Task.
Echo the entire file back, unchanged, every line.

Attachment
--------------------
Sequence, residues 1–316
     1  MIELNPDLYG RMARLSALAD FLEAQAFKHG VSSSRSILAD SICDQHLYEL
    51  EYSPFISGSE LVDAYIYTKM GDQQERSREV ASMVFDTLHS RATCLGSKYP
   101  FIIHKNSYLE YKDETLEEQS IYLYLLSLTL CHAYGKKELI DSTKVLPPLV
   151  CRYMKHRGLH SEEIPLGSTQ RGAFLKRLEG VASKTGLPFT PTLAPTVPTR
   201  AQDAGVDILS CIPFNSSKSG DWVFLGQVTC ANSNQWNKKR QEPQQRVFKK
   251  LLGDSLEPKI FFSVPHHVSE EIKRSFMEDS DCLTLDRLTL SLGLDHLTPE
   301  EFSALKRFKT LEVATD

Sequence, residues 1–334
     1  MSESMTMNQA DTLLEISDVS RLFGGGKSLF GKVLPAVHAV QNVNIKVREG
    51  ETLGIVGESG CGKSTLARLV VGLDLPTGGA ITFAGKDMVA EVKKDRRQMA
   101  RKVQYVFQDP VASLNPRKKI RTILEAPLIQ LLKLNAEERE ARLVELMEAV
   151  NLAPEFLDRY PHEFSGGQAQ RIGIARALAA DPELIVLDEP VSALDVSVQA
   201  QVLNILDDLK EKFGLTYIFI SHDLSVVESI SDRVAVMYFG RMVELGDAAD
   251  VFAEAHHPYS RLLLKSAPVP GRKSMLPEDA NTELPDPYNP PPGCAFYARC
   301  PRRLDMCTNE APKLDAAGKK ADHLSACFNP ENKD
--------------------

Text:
Sequence, residues 1–316
     1  MIELNPDLYG RMARLSALAD FLEAQAFKHG VSSSRSILAD SICDQHLYEL
    51  EYSPFISGSE LVDAYIYTKM GDQQERSREV ASMVFDTLHS RATCLGSKYP
   101  FIIHKNSYLE YKDETLEEQS IYLYLLSLTL CHAYGKKELI DSTKVLPPLV
   151  CRYMKHRGLH SEEIPLGSTQ RGAFLKRLEG VASKTGLPFT PTLAPTVPTR
   201  AQDAGVDILS CIPFNSSKSG DWVFLGQVTC ANSNQWNKKR QEPQQRVFKK
   251  LLGDSLEPKI FFSVPHHVSE EIKRSFMEDS DCLTLDRLTL SLGLDHLTPE
   301  EFSALKRFKT LEVATD

Sequence, residues 1–334
     1  MSESMTMNQA DTLLEISDVS RLFGGGKSLF GKVLPAVHAV QNVNIKVREG
    51  ETLGIVGESG CGKSTLARLV VGLDLPTGGA ITFAGKDMVA EVKKDRRQMA
   101  RKVQYVFQDP VASLNPRKKI RTILEAPLIQ LLKLNAEERE ARLVELMEAV
   151  NLAPEFLDRY PHEFSGGQAQ RIGIARALAA DPELIVLDEP VSALDVSVQA
   201  QVLNILDDLK EKFGLTYIFI SHDLSVVESI SDRVAVMYFG RMVELGDAAD
   251  VFAEAHHPYS RLLLKSAPVP GRKSMLPEDA NTELPDPYNP PPGCAFYARC
   301  PRRLDMCTNE APKLDAAGKK ADHLSACFNP ENKD